69354 is the Zip Code for Mars[land]

In 1933, a 2.25kg meteorite was discovered in the community of Marsland, Nebraska. While not technically Mars, Marsland is, you have to admit, a pretty cool name for a meteorite even if only an H5.

The Marsland chondrite is from the red state of Nebraska. This image shows the polished face of my slice highlighting the delicate metal flake, trio of iron nodules, and occasional chondrule.

Marsland was not named after the wonderful Red Planet, but instead for Thomas Marsland, the general freight manager for the railroad at the time of Marsland’s founding on August 28, 1889.

Marsland shares not only my birth state, but also my current time zone. Located in the far northwest corner of Nebraska, it makes the cut into Mountain Standard Time that stretches all the way to eastern Oregon while any meteorite witnessed to fall slightly east of Marsland will be recorded in Central Standard Time.

The unpolished face of Marsland also contains a specimen number from the Jim Schwade collection, as well as a pair of inked letters that appear to be [gr.] meaning gram and in the notation that H. H. Nininger often used to denote the weights of slices.

From a collecting standpoint, Marsland is a find with a reasonably low TKW and equally low distribution. As an H5 ordinary chondrite Marsland holds the second most common classification after the L6 chondrites. While very few non-falls find friendship in my collection, Marsland is one of the exceptions due exclusively to its name.

The “crust” on Marsland is little more then a textured skin that has oxidized over the decades as it sat alone and unappreciated in a Nebraska field.

Nebraska meteorites are far from rare, and 1933 was a popular year for witnessed falls and finds alike so there is no magic in that number. The classification, and the size of the single recovered stone are unexciting, and while a reasonably fresh interior, the exterior confesses a terrestrial history extending long before Nebraska was officially recognized as a state.

A more accurate feature of Marsland that tells the story of a long terrestrial life is the degree to which the earth as invaded the space of the stone. A thin but clearly present weathering rind extends several millimeters from the crust towards the stone’s heart.

My rectangular slice of Marsland has one edge of crust and two nice faces. The polished of the two faces show a rich black matrix sprinkled plenty of fine-grained metal flake, troilite, and the occasional chondrule.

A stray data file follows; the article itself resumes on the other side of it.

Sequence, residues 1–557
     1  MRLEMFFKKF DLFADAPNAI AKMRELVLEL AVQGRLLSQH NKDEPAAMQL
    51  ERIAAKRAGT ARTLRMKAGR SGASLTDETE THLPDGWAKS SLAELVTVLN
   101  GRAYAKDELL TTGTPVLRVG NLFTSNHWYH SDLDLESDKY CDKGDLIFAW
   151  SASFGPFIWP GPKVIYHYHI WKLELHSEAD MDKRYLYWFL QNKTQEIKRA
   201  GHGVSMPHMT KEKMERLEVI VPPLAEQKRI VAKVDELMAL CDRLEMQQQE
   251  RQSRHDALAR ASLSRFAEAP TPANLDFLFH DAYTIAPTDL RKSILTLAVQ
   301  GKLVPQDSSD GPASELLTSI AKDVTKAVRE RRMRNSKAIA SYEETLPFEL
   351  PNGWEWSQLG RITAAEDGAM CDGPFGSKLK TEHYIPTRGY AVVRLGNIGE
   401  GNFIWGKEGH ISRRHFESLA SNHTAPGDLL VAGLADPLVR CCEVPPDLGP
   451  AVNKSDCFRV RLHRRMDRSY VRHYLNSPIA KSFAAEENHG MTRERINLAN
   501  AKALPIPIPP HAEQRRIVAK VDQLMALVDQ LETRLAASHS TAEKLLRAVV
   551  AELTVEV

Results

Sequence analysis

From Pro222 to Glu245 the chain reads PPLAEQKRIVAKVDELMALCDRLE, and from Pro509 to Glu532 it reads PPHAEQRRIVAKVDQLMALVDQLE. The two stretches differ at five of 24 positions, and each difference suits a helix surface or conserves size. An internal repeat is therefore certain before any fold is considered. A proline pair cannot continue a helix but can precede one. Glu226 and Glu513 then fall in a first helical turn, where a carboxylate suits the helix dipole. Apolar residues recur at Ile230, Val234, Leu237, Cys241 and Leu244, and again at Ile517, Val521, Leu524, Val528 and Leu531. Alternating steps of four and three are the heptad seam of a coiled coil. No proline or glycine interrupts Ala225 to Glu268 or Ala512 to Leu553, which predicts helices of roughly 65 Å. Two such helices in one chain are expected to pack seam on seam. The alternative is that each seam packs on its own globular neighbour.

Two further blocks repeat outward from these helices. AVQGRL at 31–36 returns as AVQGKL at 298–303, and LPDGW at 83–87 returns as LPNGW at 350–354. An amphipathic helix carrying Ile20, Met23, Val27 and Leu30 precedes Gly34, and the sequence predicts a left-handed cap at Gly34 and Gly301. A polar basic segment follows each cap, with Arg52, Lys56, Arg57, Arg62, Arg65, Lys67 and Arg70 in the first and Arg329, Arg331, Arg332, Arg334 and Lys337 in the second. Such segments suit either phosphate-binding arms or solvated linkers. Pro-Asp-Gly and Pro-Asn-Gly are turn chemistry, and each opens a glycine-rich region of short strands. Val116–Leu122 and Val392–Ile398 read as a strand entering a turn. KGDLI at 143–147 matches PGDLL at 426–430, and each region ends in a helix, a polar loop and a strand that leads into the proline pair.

The unpolished face bares the notation of once being in the James Schwade Meteorite Collection, and upon whose card identifies the source previous to Jim as David New, a mainstay in meteorite dealership during the 80s and 90s.

I considered David New a friend because like many who practiced the art of meteorite collecting in the 1990s, David was an mentor, teacher, and dealer of fine specimens.

Although my collecting deliberately targets historic witnessed falls, Marsland is a welcome exception to my rule. I am happy to add any planetary-named meteorite to my collection regardless of the size of the audience in attendance during its earthly birth.

Until next time….

About the Author

Martin Horejsi
Dr. Martin Horejsi is a Professor of Instructional Technology and Science Education at The University of Montana. A long-time meteorite collector and writer, before publishing his column The Accretion Desk in The Meteorite Times, he contributed often and wrote the column From The Strewnfields in Meteorite Magazine. Horejsi is currently a monthly columnist in The Science Teacher, a journal by the National Science Teachers Association. Horejsi specializes in the collection and study of historic witnessed fall meteorites with the older, smaller, and rarer the better. Although his meteorite collection once numbered over a thousand pieces with near that many different locations, several large trades and sales have streamlined the collection to about 250 locations with all but 10 being important witnessed falls. Many of the significant specimens in Horejsi's collection are historic witnessed falls that once occupied prominence in the meteorite collections of Robert A. Haag, James Schwade, and Michael Farmer. Other important specimens were acquired through institutional trades including those from The Smithsonian Institution, Arizona State University, and other universities.